In concluding his review, Professor W. Bradley of Cornell Law School writes, “It is difficult to come away from the book feeling anything other than intense gratitude and admiration for the lawyers who are called to be criminal defenders.”
Should Dozens of FINRA Arbitration Cases be Reopened?
By Andrew Welsch
On Wall Street
April 1, 2014
The fairness of FINRA’s arbitration process is being called into question as lawyers and clients consider legal action to obtain new hearings or revisit decisions amid allegations that a former arbitrator lied about being an attorney.
James H. Frank, the former arbitrator, who, according to FINRA, falsely claimed to be a lawyer, oversaw more than 30 cases involving more than $15 million in claims while working with the regulatory agency and its predecessor, the NASD. Those involved in cases that Frank oversaw during his 15-year tenure say they feel they were treated unfairly. ...
Legal experts say it’s not clear whether these cases can be reopened, since the statute for limitations on vacating a decision is 90 days. FINRA arbitration awards are rarely, if ever, vacated after the statute of limitations has passed, experts say. ...
Ronald J. Colombo, a professor at Hofstra University School of Law who also regularly serves as a FINRA arbitrator, does not expect the cases to be reopened based on Frank having falsified his credentials.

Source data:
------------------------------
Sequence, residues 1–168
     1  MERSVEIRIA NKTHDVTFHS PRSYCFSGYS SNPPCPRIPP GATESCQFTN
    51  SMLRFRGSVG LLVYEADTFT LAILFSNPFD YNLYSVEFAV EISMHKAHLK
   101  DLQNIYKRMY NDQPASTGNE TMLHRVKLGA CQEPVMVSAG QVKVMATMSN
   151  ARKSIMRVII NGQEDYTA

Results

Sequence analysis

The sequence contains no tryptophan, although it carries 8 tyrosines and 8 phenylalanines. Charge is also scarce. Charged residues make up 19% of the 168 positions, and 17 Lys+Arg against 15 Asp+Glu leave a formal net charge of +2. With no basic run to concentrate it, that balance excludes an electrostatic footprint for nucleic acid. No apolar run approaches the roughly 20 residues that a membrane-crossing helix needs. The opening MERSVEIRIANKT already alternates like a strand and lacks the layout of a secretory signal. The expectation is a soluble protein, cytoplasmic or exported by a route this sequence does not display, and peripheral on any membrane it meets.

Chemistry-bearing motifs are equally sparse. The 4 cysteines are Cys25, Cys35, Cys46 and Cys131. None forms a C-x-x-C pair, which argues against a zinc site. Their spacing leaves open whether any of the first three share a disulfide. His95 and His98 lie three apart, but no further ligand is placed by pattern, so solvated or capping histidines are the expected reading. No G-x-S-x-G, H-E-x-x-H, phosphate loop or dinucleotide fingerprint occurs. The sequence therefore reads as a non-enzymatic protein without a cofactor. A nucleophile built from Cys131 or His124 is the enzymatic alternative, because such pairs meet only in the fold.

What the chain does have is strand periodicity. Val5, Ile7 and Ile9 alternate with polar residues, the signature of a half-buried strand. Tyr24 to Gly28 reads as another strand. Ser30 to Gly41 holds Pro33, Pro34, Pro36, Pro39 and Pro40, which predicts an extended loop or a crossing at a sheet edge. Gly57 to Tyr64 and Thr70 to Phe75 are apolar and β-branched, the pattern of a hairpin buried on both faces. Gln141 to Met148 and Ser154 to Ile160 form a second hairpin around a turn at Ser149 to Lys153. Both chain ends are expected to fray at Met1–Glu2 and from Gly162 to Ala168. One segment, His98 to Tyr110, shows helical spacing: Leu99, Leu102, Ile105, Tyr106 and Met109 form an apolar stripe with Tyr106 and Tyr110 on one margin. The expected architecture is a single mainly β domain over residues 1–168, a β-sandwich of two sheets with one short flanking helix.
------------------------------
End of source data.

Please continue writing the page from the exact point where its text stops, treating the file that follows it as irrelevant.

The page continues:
“I don't think it can be argued that his lying about his credentials would have affected these rulings, especially since FINRA does allow non-lawyers to serve as arbitrators,” says Colombo, who prior to 2006 supervised regulatory inquiries at Morgan Stanley. “I think that’s going to be very difficult to argue.”
Professor Irina Manta's 'Judging Similarity' Selected for American Law and Economics Association Annual MeetingApril 1st, 2014
Professor Irina Manta’s co-authored article “Judging Similarity” has been selected from among over 400 submissions to be presented at the American Law and Economics Association (ALEA) Annual Meeting at the University of Chicago Law School in May 2014.
The invited article “The CFPB and Payday Lending: New Agency/Old Problem” by Professor Norman Silber (with Larry Kirsch and Robert N. Mayer) has been published in the Journal of Consumer Affairs, Vol. 48, 2014.
The article highlights the policy, legal and institutional issues raised during the Consumer Financial Protection Bureau’s decision-making process about how to regulate the payday loan industry.
Professor Susan Fortney Reviews 'Lawyers in Practice: Ethical Decision Making in Context' in Legal EthicsMarch 31st, 2014
Susan Fortney, the Howard Lichtenstein Distinguished Professor of Legal Ethics, published a solicited book review, in Legal Ethics, the preeminent international legal ethics publication.
Her review of the book Lawyers in Practice: Ethical Decision Making in Context, by Leslie Levin and Lyn Mather, is titled “A Mirror and Window for Understanding Ethics of Law Practice.”
Professor Irina Manta's 'Intellectual Property and the Presumption of Innocence' Highlighted by The Originalism BlogMarch 31st, 2014
Professor Irina Manta’s article “Intellectual Property and the Presumption of Innocence” was highlighted by the The Originalism Blog, the blog of the Center for the Study of Constitutional Originalism at the University of San Diego School of Law, on March 13, 2014.